One in Every Family – 30 Babies!

Isabel Woodland Irvine - Family Historian
Isabel Woodland - Nurse's Graduation 1925

There is a certain type of individual that is drawn to recording one’s family history.

As I see it, family historians tend to be curious people.  They sense the importance of recording what has happened in the past.  And they tend to be collectors.

My grandmother Isabel (Woodland) IRVINE (1898 – 1989) was all of these.   She was a true family historian.

And Grandma had another talent.  She was a writer.

She would have never considered herself a writer in the true sense of the word as she scribbled out her recollections of homesteading and nursing in Saskatchewan. As far as she was concerned, she was recording the family history for posterity so it wouldn’t get lost as memories faded and people passed on.

But she was a writer.  She wrote in a warm conversational style as if she was sitting across the kitchen table from you as she recounted her stories.

Irvine Family Farm Yard, 20 miles SW of Young Sask, 1950s
Irvine Family Farm Yard, 20 miles SW of Young Sask, 1950s

Here are Isabel’s words about a stay in the small town of Young, Saskatchewan while her husband Bill Irvine was away for a few days.

“Sometime between two and four a.m. a knock came on the door.  They wanted me to come quickly because there was a sick woman at Mrs. Oakenfold’s and she couldn’t get in touch with the doctor.  I hustled down a couple of blocks and was just in time to deliver a son for the wife of Mr. Carlson, the local butcher.  When everything was over, Dr. Cook arrived from a hockey game in Watrous.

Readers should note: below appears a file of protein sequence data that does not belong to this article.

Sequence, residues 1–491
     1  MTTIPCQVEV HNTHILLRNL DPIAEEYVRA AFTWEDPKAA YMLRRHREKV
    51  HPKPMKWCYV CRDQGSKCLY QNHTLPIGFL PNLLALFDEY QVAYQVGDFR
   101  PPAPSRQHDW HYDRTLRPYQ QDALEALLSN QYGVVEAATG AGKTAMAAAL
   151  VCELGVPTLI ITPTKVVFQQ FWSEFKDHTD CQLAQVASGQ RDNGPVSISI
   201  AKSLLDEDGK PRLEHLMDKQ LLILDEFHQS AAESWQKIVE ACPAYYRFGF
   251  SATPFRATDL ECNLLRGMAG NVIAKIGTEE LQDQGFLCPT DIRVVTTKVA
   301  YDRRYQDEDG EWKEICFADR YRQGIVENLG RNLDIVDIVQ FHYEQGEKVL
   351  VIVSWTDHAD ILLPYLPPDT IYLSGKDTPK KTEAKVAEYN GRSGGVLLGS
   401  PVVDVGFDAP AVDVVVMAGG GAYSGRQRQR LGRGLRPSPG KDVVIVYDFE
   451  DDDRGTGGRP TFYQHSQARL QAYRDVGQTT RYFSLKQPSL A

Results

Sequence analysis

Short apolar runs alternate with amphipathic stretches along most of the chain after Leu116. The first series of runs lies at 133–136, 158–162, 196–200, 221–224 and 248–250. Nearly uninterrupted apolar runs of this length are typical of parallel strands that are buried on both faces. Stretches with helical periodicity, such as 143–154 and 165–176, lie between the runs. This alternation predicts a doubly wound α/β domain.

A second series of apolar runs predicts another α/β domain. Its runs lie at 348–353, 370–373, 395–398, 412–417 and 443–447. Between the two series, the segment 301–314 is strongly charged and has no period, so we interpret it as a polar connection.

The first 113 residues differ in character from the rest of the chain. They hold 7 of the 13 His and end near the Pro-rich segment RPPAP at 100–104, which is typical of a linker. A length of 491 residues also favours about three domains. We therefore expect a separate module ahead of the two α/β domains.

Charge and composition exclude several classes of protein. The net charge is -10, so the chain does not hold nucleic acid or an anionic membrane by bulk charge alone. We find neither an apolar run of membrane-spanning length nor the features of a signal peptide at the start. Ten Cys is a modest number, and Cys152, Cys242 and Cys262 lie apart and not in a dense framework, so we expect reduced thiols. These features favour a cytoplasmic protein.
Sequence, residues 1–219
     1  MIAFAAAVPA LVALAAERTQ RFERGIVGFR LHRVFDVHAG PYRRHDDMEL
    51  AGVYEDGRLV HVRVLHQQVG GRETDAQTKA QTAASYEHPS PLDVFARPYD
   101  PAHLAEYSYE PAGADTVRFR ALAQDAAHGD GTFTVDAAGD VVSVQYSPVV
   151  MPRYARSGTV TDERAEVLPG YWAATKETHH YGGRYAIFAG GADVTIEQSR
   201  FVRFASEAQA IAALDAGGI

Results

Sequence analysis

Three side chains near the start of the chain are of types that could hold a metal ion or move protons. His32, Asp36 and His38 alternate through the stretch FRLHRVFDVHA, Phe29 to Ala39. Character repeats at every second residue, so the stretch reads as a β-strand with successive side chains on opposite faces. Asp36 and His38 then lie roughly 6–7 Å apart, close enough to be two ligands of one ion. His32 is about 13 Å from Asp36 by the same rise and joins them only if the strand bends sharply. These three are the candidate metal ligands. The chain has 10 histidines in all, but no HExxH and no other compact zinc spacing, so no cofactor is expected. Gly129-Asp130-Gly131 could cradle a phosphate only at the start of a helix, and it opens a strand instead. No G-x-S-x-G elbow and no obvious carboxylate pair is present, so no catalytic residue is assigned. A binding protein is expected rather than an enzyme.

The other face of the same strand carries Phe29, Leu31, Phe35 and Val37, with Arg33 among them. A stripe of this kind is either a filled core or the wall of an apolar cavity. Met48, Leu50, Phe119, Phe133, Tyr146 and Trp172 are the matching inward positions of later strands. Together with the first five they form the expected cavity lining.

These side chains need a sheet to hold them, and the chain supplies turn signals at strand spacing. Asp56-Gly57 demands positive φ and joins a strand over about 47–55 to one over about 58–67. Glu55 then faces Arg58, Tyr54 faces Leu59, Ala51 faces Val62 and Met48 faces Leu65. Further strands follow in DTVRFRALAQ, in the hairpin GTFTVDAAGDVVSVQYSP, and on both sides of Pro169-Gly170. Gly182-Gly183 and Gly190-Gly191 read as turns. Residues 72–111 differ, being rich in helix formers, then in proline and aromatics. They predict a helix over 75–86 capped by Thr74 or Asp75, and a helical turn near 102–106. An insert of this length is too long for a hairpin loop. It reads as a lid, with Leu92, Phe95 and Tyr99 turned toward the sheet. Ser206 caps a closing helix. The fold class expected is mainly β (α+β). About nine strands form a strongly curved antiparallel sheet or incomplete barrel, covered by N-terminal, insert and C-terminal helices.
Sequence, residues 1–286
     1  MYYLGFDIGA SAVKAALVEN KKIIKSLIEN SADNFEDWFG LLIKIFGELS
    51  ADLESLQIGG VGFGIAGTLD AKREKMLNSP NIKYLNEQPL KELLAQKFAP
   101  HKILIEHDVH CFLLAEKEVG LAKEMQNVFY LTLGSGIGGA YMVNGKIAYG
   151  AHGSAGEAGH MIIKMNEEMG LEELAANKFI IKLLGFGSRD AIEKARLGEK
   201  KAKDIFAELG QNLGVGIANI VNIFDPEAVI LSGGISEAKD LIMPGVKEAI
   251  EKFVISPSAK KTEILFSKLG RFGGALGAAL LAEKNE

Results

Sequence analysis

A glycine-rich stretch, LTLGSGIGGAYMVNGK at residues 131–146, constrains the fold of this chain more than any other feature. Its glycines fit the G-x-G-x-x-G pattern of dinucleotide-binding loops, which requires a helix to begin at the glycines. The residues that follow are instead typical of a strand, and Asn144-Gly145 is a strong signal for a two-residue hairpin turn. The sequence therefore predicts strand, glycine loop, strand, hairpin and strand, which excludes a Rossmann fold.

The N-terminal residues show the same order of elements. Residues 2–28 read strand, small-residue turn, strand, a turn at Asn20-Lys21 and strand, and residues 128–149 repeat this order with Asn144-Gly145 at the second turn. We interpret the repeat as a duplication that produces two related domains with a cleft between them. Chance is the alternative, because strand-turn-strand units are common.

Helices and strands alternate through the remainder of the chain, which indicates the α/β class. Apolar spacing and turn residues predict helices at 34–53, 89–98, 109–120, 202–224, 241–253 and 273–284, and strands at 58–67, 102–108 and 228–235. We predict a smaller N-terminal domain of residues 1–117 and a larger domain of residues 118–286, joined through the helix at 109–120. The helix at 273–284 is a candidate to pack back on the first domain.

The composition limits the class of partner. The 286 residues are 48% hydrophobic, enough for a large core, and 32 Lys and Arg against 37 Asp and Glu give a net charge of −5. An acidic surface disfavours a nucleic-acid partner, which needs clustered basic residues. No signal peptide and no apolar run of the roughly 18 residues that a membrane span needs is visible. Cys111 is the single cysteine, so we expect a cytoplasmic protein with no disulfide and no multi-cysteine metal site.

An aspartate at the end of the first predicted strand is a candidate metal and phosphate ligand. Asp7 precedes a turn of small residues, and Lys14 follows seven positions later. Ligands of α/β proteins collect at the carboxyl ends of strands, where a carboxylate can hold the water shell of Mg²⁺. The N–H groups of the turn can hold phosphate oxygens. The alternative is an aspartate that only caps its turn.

After delivering the baby in Young, I realized I would probably be asked to act as a midwife in the “Hills”, a name given to the area covering the Providence and Meuse School Districts.  I contacted the doctors in the surrounding towns:  Davidson, Neaston, Hanley, Young, Watrous and Simpson.  I wanted permission from them to take charge of the maternity cases in the Hills.

I received the okay from all of the doctors and, in addition they agreed to come if I needed them. As the closest doctor was twenty miles away with no cars or telephones, I knew there wasn’t much chance of getting help from town.  (This was between 1926 and 1936).

During this ten year period after my arrival at the homestead, I delivered thirty babies without a doctor or an anesthetic.  This was in the depression during the Thirties and I collected $10.00 to use for buying medical supplies.”

What a story!  Not only was Grandma a remarkable family historian and writer, she was a remarkable woman.  She delivered 30 babies for her neighbours and friends during a time when services were few and far between.

Even more remarkable, Grandma helped deliver me! (several decades later, of course!)

Joan Kerr, Isabel Irvine, Betty Kerr
Baby Joan (the now grown up writer of this blog), Grandma Irvine and Joan's Mom Betty

We would not have this wonderful story today if Grandma hadn’t thought it important to record her experiences.

My Uncle Bob and I shared her words in the Women Pioneers of Saskatchewan Book 1 published in 2009.  Our biggest challenge was to condense all of the material Grandma had written in order to meet the publication guidelines.  Oh, that every genealogist and family historian would have such a problem!

Grandma…..Thank you for being “The One”.


This post is part of Carnival of Genealogy’s 100th Edition – There is One in Every Family.  Congratulations to Creative Gene for 100 Editions of Carnival of Genealogy!

Author: © Joan Miller - Luxegen Genealogy.

The Luxegen Genealogy and Family History blog presents the family history stories of Joan Miller.